The Art of The Password – The Harvard Lampoon

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| Issue Editor: LAS '19 | Art Editor: LAS '19

The Art of The Password

  PKS '21

If you make your password a real word make it assword because that’ll make your hacker laugh. You can also make it sharp_as_sword if your name is Shar which works on a lot of levels, but just a heads up that is my password to everything so I might accidentally log in to your accounts and send myself some emails.

Never, ever, tell anyone your password. If you accidentally say your password, lie about it right after. I have never told anyone my password. Don’t even tell your mother your password, especially if your password is dad_left_because_he_was_cheating_on_you, because then your mom will disable your upgraded OKCupid account and you’ll lose all your progress right when you were so close to making the engagement round and finally winning the game.

Numbers make your password strong. Make your password 01001001 01000001 01101101 01110100 01101000 01100101 01000110 01000010 01001001. That says ‘I am the FBI’ in binary, and hackers know about binary so I guarantee they will run for the hills.

Always, always tell your password to one trustworthy person, like your mom, in case you die and someone needs to keep brushing your virtual horses and feeding your virtual moms.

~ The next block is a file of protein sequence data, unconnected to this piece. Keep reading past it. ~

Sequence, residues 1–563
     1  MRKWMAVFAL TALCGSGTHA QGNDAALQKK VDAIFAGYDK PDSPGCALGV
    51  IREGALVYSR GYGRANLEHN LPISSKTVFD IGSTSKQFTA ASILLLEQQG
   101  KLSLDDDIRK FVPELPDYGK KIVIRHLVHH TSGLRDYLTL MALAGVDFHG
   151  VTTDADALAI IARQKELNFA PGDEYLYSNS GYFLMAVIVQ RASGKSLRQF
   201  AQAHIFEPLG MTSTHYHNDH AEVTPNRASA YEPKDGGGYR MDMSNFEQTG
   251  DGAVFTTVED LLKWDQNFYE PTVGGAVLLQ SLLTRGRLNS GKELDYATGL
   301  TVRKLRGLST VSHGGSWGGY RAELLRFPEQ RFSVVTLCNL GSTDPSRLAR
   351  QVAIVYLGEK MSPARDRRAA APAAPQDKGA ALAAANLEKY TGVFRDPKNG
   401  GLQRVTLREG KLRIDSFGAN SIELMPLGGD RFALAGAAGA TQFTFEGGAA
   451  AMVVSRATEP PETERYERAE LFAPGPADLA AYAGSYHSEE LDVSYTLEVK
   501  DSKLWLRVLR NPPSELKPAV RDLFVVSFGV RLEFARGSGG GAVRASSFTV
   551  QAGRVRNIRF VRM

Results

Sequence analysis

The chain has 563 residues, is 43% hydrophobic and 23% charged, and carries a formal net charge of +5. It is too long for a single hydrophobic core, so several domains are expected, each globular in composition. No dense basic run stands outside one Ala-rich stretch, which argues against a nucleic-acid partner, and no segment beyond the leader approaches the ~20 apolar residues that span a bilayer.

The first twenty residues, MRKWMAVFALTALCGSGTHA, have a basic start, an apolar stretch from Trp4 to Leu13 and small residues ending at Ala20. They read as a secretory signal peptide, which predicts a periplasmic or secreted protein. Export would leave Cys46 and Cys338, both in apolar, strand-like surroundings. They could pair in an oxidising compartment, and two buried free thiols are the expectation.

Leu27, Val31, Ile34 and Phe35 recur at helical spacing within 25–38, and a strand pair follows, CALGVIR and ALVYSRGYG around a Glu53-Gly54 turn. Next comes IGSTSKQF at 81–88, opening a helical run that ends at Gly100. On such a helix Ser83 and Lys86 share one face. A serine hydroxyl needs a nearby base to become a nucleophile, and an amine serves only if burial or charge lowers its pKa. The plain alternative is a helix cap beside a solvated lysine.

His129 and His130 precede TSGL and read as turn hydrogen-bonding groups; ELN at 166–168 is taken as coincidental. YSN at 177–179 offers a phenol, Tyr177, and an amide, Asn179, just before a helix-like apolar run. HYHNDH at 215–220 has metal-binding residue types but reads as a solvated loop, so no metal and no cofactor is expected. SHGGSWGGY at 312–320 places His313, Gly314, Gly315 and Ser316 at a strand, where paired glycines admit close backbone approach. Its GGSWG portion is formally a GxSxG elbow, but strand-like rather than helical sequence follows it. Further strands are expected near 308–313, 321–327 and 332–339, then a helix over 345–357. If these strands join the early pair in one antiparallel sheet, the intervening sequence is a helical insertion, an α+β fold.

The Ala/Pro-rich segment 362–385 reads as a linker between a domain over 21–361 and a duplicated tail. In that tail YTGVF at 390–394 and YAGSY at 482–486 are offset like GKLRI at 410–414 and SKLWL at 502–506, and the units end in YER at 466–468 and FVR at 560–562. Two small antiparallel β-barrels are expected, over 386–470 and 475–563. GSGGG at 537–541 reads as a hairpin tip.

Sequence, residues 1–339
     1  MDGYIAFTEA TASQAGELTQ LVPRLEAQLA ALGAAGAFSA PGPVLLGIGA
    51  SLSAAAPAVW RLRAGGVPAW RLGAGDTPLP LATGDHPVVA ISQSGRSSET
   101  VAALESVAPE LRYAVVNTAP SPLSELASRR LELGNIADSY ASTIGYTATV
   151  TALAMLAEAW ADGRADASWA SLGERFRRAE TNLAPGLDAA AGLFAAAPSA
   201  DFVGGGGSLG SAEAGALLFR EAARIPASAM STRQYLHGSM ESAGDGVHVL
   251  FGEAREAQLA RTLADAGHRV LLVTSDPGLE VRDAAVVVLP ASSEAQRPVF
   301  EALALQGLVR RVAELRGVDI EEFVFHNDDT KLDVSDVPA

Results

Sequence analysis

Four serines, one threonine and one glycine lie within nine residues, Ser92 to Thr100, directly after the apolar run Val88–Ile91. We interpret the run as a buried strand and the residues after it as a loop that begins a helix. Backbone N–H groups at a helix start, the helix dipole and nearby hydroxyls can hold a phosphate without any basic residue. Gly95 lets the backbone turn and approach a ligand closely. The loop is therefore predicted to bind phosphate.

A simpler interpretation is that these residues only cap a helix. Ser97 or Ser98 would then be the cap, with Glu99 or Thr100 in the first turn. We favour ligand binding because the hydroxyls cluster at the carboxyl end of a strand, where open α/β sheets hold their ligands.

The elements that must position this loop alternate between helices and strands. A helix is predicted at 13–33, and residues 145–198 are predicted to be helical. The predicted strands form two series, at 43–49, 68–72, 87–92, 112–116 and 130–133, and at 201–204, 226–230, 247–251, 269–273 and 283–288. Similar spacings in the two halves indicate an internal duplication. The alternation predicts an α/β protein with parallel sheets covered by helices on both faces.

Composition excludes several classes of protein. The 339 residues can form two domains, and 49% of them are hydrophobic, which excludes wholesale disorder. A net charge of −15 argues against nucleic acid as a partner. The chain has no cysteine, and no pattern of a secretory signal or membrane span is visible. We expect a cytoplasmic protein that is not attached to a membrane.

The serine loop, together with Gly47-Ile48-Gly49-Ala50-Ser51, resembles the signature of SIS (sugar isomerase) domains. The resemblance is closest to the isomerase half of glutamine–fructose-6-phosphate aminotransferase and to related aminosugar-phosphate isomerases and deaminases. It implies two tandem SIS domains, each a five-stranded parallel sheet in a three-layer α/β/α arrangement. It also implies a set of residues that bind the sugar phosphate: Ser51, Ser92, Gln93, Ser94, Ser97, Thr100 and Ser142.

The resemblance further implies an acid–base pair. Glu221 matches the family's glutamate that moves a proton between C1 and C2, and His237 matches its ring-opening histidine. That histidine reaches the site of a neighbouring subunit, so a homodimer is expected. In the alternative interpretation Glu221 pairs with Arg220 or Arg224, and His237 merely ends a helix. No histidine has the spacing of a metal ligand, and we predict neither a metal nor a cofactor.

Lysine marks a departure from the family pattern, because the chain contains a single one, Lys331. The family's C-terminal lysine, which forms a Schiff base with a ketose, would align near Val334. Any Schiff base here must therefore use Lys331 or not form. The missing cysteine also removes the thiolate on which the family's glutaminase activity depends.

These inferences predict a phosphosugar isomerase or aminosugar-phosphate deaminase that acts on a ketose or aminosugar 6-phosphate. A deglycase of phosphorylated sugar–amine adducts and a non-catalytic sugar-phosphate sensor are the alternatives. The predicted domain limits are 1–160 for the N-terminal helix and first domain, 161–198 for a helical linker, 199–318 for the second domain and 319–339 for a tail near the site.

Changing your password often is essential. A good rule of thumb is to change your password every season or four times a year, whichever is more often. Don’t change it too often or you’ll confuse the hackers. We’re all just people after all, and we’re all in this together.

If your password is hacked your hacker will have to answer a security question. Make your passwords red herrings, like my_first_pet’s_name_is_red_herring if Red Herring is actually your sister’s name, or my_maiden_name_is_Elizabeth if maiden names are an entirely outdated concept and you’ll be keeping your name through marriage. Make your password my_first_kiss_was_at_an_anime_convention if your first kiss was actually on the sidewalk outside of the anime convention while my dad waited in the car.

To complete the password trifecta add symbols, like the exclamation point or the motif of the raven in Edgar Allen Poe’s The Raven. Symbols serve as double duty password defense. Consider the following passwords: do_not_hack_me, and do_not!!_hack_me!!!. Which one is more likely to be hacked? Now consider the following password: Moby_Dick_symbolizes_God. Would that password be hacked? No, because nobody wants to hack a nerd.

Deep down, passwords are hackable because conscious minds are predictable. A medically-induced coma is a great way to break your mortal bonds and ascend to a higher realm of consciousness to brainstorm passwords that are gonna be harder to predict. If you use that method, write down your password backwards on a napkin. Tattoo it on your body backwards, so that it’s double backwards and double safe. Break all the mirrors so hackers can’t figure it out. If you forget your password, simply use the reflection of a stagnant pond to look at yourself and think about how dumb you are. You can’t even remember a simple password.